Why Accretive Health Shares Got Crushed

Although we don't believe in timing the market or panicking over market movements, we do like to keep an eye on big changes -- just in case they're material to our investing thesis.

What: Shares of Accretive Health plummeted 25% today after the hospital revenue services provider postponed the release of its fourth-quarter and full-year 2012 financial results.

So what: Accretive said that it is reviewing the way it recognizes revenue under its revenue cycle management agreements, triggering serious investor concern that it may have to restate earnings for previous periods. While the company said the any such restatement shouldn't impact total revenue recognized over the life of a contract, the announcement alone brings yet another cloud of uncertainty over the stock and calls management's credibility into question.


Now what: Expect the stock to remain under plenty of pressure in the short term.

"The company's gone radio silent, so we don't know the complete extent of what they're reviewing and what the outcome may be," cautioned Eric Coldwell, an analyst at Robert W. Baird & Co. "It's a riskier situation."

Of course, with a balance sheet boasting $177 million in cash and zero debt, Accretive's downside seems limited enough to make it an intriguing long-term bargain candidate.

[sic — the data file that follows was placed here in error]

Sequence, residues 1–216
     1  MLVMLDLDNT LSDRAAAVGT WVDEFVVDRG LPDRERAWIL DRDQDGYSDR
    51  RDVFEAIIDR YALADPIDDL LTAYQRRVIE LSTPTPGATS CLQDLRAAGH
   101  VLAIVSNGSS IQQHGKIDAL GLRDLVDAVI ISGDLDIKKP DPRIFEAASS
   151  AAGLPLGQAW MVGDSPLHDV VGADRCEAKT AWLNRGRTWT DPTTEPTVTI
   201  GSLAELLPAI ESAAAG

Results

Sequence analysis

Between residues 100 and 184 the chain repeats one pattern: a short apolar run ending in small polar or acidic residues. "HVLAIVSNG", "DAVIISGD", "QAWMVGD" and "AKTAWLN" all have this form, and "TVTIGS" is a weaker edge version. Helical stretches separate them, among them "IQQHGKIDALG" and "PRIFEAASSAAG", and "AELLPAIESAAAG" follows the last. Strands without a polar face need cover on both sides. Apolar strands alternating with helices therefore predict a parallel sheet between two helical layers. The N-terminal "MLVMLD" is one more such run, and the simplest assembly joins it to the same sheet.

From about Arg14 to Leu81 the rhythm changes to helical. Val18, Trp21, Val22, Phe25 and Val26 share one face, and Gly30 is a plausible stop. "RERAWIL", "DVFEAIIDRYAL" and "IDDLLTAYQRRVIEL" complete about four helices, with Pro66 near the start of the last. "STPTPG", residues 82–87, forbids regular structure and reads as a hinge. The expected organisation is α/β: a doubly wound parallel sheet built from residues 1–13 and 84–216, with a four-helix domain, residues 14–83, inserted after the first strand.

While you can certainly make huge gains in health services stocks like Accretive, the best investing approach is to choose great companies and stick with them for the long term. The Motley Fool's free report "3 Stocks That Will Help You Retire Rich" names stocks that could help you build long-term wealth and retire well, along with some winning wealth-building strategies that every investor should be aware of. Click here now to keep reading.

Interested in more info Accretive? Add it to your watchlist.

The article Why Accretive Health Shares Got Crushed originally appeared on Fool.com.

Fool contributor Brian Pacampara has no position in any stocks mentioned. The Motley Fool has no position in any of the stocks mentioned. Try any of our Foolish newsletter services free for 30 days. We Fools may not all hold the same opinions, but we all believe that considering a diverse range of insights makes us better investors. The Motley Fool has a disclosure policy.

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